FDA Processing 1M Applications for Synthetic Nicotine Products

The agency has also issued more than 100 warning letters to retailers for illegally selling the products to underage purchasers.
Logos for the FDA's Center for Tobacco Products

SILVER SPRING, Md. — The Food and Drug Administration (FDA) is sorting through nearly 1 million applications for synthetic nicotine products, a substantial number of which were received by May 14.

The FDA's authority to regulate tobacco products that contain nicotine not made or derived from tobacco (e.g., synthetic nicotine) went into effect on April 14. With the oversight, manufacturers of synthetic nicotine products are now required to submit a premarket tobacco product application (PMTA) for those products and obtain FDA authorization to market them.

The PMTA deadline for synthetic nicotine products was May 14, 2022, as Convenience Store News reported.

According to the agency, more than 200 separate companies submitted applications. In an Aug. 3 update, Brian King, director of the FDA's Center for Tobacco Products, said FDA had issued refuse-to-accept (RTA) letters for more than 88,000 products in applications that do not meet the criteria for acceptance in the prior three-week period.

Without the required information, applications cannot proceed past the acceptance phase of the review process. The RTA letters state that it is illegal to sell or distribute in the U.S. marketplace any new tobacco product that has not received premarket authorization, he explained.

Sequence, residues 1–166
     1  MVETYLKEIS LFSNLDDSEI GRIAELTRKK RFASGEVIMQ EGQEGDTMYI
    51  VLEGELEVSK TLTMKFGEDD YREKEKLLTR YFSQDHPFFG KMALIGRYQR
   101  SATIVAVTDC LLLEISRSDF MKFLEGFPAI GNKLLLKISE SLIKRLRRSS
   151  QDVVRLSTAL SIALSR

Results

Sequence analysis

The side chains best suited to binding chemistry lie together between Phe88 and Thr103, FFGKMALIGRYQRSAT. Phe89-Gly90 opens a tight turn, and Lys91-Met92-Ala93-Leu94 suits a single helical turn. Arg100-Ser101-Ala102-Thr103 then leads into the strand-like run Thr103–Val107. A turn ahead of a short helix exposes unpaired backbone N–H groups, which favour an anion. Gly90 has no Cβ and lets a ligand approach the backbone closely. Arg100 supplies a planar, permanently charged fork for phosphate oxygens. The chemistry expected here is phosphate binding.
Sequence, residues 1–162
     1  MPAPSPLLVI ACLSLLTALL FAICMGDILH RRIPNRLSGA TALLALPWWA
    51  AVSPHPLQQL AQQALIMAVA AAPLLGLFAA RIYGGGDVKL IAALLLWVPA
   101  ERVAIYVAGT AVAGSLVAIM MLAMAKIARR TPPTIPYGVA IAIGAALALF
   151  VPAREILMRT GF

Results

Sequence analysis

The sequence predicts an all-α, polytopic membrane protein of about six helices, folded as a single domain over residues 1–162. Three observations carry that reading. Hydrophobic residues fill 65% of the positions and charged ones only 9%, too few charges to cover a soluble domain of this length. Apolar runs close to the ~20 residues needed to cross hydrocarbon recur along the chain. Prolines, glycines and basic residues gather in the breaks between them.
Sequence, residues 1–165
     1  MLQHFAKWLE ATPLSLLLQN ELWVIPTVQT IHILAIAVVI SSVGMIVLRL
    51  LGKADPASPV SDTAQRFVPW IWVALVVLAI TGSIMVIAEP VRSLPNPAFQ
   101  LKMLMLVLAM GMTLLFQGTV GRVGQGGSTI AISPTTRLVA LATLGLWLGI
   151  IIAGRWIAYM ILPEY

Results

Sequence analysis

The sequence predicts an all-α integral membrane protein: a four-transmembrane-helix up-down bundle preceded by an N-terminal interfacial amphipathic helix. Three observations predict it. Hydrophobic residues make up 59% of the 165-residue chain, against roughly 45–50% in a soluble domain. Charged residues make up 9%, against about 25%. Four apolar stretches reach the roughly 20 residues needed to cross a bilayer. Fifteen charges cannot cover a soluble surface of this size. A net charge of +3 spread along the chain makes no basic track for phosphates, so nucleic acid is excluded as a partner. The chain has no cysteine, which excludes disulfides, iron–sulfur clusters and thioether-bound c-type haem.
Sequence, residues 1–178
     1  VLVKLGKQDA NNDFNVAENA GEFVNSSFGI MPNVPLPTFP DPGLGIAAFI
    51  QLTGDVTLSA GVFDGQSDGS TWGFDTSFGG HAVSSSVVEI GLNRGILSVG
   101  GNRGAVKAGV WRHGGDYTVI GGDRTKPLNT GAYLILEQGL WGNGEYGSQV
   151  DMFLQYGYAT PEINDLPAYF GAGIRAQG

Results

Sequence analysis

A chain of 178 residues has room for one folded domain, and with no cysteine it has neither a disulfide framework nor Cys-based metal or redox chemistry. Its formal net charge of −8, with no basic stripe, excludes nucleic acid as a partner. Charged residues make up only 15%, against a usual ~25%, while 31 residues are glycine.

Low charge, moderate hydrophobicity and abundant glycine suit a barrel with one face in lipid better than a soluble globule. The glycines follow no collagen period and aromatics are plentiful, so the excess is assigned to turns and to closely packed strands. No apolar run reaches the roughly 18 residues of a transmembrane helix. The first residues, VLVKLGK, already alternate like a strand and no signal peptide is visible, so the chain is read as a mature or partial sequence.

Of those applications submitted by May 14, the FDA accepted more than 350 applications, with the vast majority being for electronic cigarette or e-liquid products.

An acceptance, King said, is not a determination about the products' authorization status. The agency moves accepted applications for further review, which ensures certain criteria are met for applications to proceed forward for further evaluation, he added.

"After this further review, applications that meet the necessary criteria will enter substantive review, including consideration of the impact to the population as a whole, such as risks to youth and potential benefits to adult smokers," King said. "It is only after the substantive phase that a company may be granted a marketing order. If no marketing order is granted, it remains illegal to market the product. To date, no non-tobacco nicotine product has received a marketing granted order."

According to the new rule, after July 13, a non-tobacco nicotine product can only be legally marketed in the United States if it has received premarket authorization from FDA.

"We have been closely monitoring retailer, manufacturer, importer, and distributor compliance with the law. Similar to the application review steps, our compliance and enforcement work is a multistep process that cannot happen overnight; it takes time to ensure that any enforcement taken is supported by the available evidence with respect to the legal standards," he said.

As of Aug. 1, the agency issued 17 new warning letters to manufacturers for marketing their products without the required premarket authorization. These manufacturers failed to submit applications for their non-tobacco nicotine products.

On July 28, the agency also issued 102 warning letters to retailers for illegally selling non-tobacco nicotine products to underage purchasers. Companies had 15 working days to respond to the FDA's letters.